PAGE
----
John Douglas Speaks at Last
Anne was not without a feeble hope that something might come of it after all. But nothing did. John Douglas came and took Janet driving, and walked home from prayer-meeting with her, as he had been doing for twenty years, and as he seemed likely to do for twenty years more. The summer waned. Anne taught her school and wrote letters and studied a little. Her walks to and from school were pleasant. She always went by way of the swamp; it was a lovely place—a boggy soil, green with the greenest of mossy hillocks; a silvery brook meandered through it and spruces stood erectly, their boughs a-trail with gray-green mosses, their roots overgrown with all sorts of woodland lovelinesses.
Nevertheless, Anne found life in Valley Road a little monotonous. To be sure, there was one diverting incident.
She had not seen the lank, tow-headed Samuel of the peppermints since the evening of his call, save for chance meetings on the road. But one warm August night he appeared, and solemnly seated himself on the rustic bench by the porch. He wore his usual working habiliments, consisting of varipatched trousers, a blue jean shirt, out at the elbows, and a ragged straw hat. He was chewing a straw and he kept on chewing it while he looked solemnly at Anne. Anne laid her book aside with a sigh and took up her doily. Conversation with Sam was really out of the question.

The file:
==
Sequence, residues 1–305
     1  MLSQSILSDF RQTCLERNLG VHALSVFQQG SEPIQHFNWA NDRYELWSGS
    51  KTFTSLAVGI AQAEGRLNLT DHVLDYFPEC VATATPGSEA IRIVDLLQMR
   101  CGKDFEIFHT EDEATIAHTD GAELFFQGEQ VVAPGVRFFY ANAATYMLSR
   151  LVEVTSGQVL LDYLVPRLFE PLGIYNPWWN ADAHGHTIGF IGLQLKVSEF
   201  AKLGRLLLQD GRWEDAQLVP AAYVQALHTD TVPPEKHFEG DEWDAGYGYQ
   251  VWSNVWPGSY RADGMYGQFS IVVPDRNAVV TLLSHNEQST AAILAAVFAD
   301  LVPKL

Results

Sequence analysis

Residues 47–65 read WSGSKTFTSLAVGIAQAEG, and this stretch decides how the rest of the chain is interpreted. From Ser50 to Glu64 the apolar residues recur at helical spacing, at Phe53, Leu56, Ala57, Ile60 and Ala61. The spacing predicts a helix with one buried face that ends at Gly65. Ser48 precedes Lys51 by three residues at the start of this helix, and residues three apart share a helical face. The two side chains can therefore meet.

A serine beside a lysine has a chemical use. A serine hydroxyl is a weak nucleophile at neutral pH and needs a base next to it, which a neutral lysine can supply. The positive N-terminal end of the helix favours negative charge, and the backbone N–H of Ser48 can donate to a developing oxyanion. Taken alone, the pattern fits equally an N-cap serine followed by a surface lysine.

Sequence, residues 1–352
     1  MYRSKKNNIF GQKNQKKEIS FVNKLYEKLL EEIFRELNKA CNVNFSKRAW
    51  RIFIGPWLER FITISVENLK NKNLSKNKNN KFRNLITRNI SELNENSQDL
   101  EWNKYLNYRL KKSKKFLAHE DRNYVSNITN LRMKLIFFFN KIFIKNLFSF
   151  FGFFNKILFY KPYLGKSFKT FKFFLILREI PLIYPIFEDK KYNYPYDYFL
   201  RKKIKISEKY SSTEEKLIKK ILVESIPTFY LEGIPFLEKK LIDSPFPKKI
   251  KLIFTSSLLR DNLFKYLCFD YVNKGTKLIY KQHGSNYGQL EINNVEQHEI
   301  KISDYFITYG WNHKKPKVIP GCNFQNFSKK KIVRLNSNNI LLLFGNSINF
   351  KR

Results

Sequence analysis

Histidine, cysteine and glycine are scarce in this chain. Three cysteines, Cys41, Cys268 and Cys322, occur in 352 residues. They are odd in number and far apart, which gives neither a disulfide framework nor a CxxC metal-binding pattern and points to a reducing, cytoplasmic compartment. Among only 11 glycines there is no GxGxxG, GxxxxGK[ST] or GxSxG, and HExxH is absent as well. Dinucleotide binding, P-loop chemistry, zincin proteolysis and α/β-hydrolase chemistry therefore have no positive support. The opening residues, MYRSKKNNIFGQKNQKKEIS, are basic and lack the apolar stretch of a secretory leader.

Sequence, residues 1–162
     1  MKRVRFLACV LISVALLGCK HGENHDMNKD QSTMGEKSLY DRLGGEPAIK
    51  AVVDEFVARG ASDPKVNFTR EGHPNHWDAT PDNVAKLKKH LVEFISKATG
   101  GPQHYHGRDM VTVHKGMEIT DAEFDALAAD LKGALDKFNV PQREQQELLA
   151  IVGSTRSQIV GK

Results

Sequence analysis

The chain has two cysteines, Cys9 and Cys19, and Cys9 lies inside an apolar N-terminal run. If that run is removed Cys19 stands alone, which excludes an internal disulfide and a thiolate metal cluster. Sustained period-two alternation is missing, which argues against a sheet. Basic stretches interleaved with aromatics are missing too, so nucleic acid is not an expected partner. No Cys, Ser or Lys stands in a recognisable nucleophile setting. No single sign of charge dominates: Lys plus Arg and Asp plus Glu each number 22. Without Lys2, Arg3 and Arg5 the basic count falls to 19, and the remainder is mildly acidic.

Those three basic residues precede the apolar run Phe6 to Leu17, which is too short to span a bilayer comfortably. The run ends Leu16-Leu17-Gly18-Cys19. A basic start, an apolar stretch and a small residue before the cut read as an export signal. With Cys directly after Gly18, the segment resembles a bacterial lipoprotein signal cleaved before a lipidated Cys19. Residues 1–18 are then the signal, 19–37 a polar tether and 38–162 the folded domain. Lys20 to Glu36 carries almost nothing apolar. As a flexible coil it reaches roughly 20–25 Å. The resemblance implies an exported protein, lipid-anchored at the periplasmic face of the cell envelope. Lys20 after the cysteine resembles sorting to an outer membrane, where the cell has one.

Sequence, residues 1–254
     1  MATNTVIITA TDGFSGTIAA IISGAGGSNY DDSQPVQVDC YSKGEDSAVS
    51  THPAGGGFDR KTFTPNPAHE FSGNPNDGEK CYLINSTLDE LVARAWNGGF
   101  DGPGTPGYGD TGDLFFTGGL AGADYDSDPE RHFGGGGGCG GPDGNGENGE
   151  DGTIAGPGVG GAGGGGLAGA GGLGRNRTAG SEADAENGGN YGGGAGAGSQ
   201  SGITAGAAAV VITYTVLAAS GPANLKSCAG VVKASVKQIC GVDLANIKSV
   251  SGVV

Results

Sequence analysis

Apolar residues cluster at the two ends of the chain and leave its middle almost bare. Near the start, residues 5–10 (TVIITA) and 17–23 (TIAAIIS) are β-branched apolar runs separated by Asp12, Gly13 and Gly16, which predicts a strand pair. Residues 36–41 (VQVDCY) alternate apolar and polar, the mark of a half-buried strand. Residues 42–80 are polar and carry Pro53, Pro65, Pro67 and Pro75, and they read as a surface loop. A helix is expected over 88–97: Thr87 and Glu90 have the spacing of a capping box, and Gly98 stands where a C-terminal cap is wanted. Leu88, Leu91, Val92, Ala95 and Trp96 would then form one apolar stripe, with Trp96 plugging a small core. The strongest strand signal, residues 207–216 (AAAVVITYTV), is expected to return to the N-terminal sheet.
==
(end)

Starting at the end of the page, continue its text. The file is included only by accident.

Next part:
After a long silence Sam suddenly spoke.
"I'm leaving over there," he said abruptly, waving his straw in the direction of the neighboring house.
"Oh, are you?" said Anne politely.
"And where are you going now?"
"Wall, I've been thinking some of gitting a place of my own. There's one that'd suit me over at Millersville. But ef I rents it I'll want a woman."
"I suppose so," said Anne vaguely.
There was another long silence. Finally Sam removed his straw again and said,
"Will yeh hev me?"
"Wh—a—t!" gasped Anne.
"Will yeh hev me?"
"Do you mean—marry you?" queried poor Anne feebly.
"Why, I'm hardly acquainted with you," cried Anne indignantly.
"But yeh'd git acquainted with me after we was married," said Sam.
Anne gathered up her poor dignity.
"Certainly I won't marry you," she said haughtily.
"Wall, yeh might do worse," expostulated Sam. "I'm a good worker and I've got some money in the bank."
"Don't speak of this to me again. Whatever put such an idea into your head?" said Anne, her sense of humor getting the better of her wrath. It was such an absurd situation.
"Yeh're a likely-looking girl and hev a right-smart way o' stepping," said Sam. "I don't want no lazy woman. Think it over. I won't change my mind yit awhile. Wall, I must be gitting. Gotter milk the cows."